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APPLICATION - Gregory G Pack

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  • Dennis Shubitowski
    APPLICATION - Gregory G backpack size large I have read the latest version of the official Survival Guide (v. 0802) and agree to fully comply with all rules
    Message 1 of 1 , Nov 13, 2002
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      APPLICATION - Gregory G backpack size large

      I have read the latest version of the official Survival Guide (v. 0802) and agree to fully comply with all rules and regulations outlined within.

      Dennis Shubitowski
      Age 32
      5'11" (180.34 cm)
      165 lbs (74.84 kg)
      "shubitow" AT "msu" dot "edu"
      Owosso, Michigan

      Brief Biography
      Born, raised, and currently live in Michigan. I have been camping with family since I was a young tot (and probably before that) along with scouting activities. I have been backpacking since the early 1990s and have gotten out much more over the last two years as life has settled down. I also hunt, geocache, horseback ride, ski, orienteer, and canoe. I backpack in every season - rain, snow, or shine. My hiking philosophy is definitely slid somewhere between ultra- and lightweight backpacking over the past couple years from my "backbreaker" days. This includes a homemade tarptent shelter (although those hammocks are starting to look inviting!), a frameless backpack, homemade/Esbit stoves, and cooking in a WalMart grease pot.

      Field information

      I currently use the GVP Gear G4 backpack as my main warm season backpack. I have some concerns about the comfort level of this backpack under heavier loads due to the lack of a true suspension system (my current max load is about 15-19 pounds). My original internal frame backpack is an Osprey Motherloader that I used for several years but now consider too heavy (7 lbs/2.7 kg) and too big (7000 cui/115 L) for my current style of backpacking. For dayhiking, I use an old school JanSport backpack of indeterminate origin that I eventually am looking to replace with one more suitable to dayhiking. I am interested in testing the Gregory G pack because of its true suspension system in a lightweight backpack. I feel I would be more comfortable carrying additional weight in a pack with a suspension system than in a frameless backpack. This pack may be a good compromise between a frameless backpack and a traditional heavy internal frame backpack. I have a long torso (measured at 23"/58.42 cm) so I require a large backpack. I have never used a Gregory backpack before, and I'm not that familiar with them. I believe this would give a fresh perspective to testing.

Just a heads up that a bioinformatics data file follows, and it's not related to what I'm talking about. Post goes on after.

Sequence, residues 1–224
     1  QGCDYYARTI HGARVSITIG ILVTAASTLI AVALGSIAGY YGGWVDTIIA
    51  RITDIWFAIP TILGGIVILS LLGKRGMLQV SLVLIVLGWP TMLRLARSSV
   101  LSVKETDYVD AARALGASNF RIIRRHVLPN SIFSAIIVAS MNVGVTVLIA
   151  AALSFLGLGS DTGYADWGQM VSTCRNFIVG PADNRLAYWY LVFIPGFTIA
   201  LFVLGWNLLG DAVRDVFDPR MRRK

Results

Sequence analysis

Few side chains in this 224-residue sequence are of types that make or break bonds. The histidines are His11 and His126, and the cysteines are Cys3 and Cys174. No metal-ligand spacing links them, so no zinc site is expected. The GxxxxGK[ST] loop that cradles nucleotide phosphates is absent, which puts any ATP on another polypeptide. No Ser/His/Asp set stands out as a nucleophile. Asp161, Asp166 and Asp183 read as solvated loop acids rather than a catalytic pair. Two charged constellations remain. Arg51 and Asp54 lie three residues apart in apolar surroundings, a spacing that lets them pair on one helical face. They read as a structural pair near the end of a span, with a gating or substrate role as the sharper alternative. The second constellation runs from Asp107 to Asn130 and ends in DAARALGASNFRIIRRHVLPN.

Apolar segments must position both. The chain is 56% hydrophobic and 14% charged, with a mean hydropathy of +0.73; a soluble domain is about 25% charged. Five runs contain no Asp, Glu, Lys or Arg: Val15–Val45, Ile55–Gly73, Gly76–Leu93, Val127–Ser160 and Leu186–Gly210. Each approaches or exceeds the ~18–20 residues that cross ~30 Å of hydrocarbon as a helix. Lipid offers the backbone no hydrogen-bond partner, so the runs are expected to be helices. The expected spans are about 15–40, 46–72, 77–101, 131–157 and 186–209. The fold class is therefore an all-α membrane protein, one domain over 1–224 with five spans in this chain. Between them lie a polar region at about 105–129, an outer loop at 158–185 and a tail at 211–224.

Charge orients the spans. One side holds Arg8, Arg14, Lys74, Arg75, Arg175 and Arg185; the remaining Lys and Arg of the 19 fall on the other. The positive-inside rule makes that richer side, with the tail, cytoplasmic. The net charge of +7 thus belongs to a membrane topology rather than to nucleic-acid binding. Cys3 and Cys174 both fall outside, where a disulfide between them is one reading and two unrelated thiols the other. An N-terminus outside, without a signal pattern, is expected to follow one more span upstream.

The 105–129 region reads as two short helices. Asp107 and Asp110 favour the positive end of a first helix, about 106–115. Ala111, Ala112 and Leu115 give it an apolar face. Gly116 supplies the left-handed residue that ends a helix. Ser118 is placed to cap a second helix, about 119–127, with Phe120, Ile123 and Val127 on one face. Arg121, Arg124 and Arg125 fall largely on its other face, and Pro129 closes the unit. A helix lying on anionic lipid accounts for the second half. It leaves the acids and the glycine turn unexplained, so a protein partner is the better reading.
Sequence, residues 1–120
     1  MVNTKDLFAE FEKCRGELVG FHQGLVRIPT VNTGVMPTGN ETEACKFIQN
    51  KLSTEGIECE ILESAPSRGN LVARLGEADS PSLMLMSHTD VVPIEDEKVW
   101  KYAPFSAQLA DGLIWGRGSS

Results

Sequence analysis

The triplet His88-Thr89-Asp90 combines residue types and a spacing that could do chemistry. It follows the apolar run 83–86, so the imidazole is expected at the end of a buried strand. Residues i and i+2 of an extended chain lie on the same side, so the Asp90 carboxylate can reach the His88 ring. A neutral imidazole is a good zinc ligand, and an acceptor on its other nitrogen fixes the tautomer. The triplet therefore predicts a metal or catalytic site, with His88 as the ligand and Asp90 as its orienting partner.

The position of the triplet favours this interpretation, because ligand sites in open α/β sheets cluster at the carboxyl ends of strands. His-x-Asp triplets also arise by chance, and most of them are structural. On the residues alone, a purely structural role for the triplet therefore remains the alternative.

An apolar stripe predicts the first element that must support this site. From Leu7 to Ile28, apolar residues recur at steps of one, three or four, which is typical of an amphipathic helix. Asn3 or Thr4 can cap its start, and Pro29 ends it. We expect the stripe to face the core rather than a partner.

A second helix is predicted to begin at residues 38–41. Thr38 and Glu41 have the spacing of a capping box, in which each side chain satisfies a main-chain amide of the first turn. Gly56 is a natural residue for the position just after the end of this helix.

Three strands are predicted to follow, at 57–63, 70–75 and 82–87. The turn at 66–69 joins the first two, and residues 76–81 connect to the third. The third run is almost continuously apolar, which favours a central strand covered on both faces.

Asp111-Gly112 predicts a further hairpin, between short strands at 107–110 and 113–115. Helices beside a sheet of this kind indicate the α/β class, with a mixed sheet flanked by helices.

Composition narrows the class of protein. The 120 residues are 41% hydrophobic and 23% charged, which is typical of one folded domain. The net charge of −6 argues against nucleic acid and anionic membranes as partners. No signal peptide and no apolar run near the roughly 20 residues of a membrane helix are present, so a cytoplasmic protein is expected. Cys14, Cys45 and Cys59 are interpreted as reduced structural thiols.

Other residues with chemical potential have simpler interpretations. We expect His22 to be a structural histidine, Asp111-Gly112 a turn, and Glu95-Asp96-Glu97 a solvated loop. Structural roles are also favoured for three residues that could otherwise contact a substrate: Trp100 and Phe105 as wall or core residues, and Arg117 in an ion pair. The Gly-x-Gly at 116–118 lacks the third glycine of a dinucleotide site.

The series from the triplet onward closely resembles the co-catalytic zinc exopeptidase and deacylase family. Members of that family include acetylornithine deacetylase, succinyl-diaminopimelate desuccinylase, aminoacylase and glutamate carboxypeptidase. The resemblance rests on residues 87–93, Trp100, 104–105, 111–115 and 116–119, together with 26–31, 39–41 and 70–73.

I strive toward hiking to be comfortable. This is not necessarily ultralight hiking to me, but probably closer to lightweight hiking. I am willing to carry some extra weight to be more comfortable, but I would rather not be sore and cranky at the end of a long day. I like a backpack to be extremely comfortable and feel a part of me. The G4 is like this a low weights and not like that at heavier weights. I value quality in construction and attention to fine details, and I am rather gentle on equipment that I do own. I always expect to do a fair amount of fidgeting with new equipment but expect that once proper adjustments are made I can forget about it and just hike.

      For testing the G pack, I use a Camelbak Unbottle and am interested in how this would work internally in the pack with the Gregory's new design ideas for the drinking tube. I also like the idea of a top-zippered pocket. I gave up most the "extras" on backpacks when I moved to a frameless pack - the idea of having some "extras" and still be a lightweight pack is definitely of interest to me for testing. I plan on testing the Gregory G in several locations in both the northern and southern areas of Michigan's lower peninsula and in the northwest US in the spring (either Olympic or the Cascades). It is now getting close to winter and snow here in Michigan, and I plan at least two winter outings of varying length. I also do many dayhikes while geocaching, and I will do multi-day hikes in lower Michigan in the spring. These trips will encompass the next 6 months required for gear testing. Temperature and weather conditions will be at there most extreme and variable during the next several months in Michigan ranging from a likely 0 F (-18 C) to 80 F (27 C) from fall until spring with precipitation abound. Trips during more moderate conditions will lean toward a lightweight hiking style including tarp shelters and alcohol or solid fuel stoves. Winter trips obviously require heavier gear including heavy 4 season tents, appropriate clothing, and white gas stoves. I may use a pulk or sled depending on the level of snow that Michigan receives this winter, so the Gregory G would be placed in the sled and used as backpack for subsequent dayhikes. I anticipate my pack weight to range from 15 - 40 lbs (7 - 18 kg) during the testing period. I realize that this exceeds the recommended upper weight suggestion of the Gregory, but I feel that heavier loads (especially at the beginning of trip) are a fact of life of hiking and sometime the upper limits need to be tested. In these cases, emphasis will be placed on evaluation of the suspension system and durability of material under stress. Outings could include solo, group, with wife, with dog, and with wife and dog at any time (but likely without wife in winter - she's not quite up to it!).

      Previously written reports:

      LAAF Gear MSR Stove Upgrade kit:

      Camelbak Unbottle 70oz/2L:

      GVP Gear G4 Backpack:

      Thanks for considering my application.

      Dennis Shubitowski
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